Through the Classes & Workshops program, the Poetry Center offers continuing education in creative writing and literature: writing workshops, generative writing studios, and literary seminars--in poetry and prose. Noncredit courses are taught by local and visiting writers, including University of Arizona faculty. There is room in our Classes and Workshops program for writers and readers of all levels of experience.
Our 2017-18 need-based Campau/Inman Scholarship program is newly expanded and improved. Applications for Fall 2017 scholarships will be accepted August 1st- August 8th. Registration will open one week later, on August 15th.
This fall, we're thrilled to be offering a wide range of opportunities at the Poetry Center, from one evening workshops to eight-week courses. Descriptions appear below.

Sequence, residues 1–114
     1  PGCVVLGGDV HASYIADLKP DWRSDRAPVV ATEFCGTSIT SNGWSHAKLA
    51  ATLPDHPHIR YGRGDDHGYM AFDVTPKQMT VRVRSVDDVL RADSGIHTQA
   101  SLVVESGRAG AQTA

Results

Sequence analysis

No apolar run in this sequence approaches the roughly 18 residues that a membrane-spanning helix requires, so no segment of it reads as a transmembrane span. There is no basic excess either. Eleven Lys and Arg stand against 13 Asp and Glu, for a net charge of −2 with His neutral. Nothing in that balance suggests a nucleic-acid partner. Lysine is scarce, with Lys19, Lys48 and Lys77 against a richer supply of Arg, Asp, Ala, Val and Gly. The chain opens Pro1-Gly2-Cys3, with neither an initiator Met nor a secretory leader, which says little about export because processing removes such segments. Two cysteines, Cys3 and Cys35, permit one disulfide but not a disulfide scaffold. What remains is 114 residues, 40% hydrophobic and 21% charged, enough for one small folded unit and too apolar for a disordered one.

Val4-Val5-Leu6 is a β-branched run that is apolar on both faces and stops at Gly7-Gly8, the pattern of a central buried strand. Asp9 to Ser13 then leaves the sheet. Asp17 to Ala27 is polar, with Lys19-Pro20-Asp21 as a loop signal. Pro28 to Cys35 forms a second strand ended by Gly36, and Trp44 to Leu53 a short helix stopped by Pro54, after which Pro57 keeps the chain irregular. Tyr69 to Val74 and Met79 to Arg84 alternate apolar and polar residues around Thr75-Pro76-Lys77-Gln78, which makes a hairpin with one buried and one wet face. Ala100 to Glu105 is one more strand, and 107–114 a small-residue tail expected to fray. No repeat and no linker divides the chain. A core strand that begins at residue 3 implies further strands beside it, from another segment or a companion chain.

Literature of the Borderlands, with Francisco Cantú
Class Meetings: Six consecutive Tuesdays, August 29-October 3, from 6:00-8:00PM
Conference Room 207
During the Cold War, Carl Jung observed that it had become “a political and social duty” to perceive “the other as the very devil, so as to fascinate the outward eye and prevent it from looking at the individual life within.”
With our contemporary moment and its rhetoric focusing on travel bans and walls, migrants and refugees, there is perhaps no more important time for us to reflect upon what it means to each of us that we live in the U.S. borderlands.
Over the course of this six-week seminar, we will mostly read and discuss, with weekly chances to share written responses—be they imitations or reflections—to the course’s readings. The readings will be fiction and nonfiction texts that focus primarily on the U.S./Mexico borderlands, as well as some with a more global perspective. Authors include Juan Rulfo, Cristina Rivera Garza, Sara Uribe, Dino Buzzati, and J. M. Coetzee.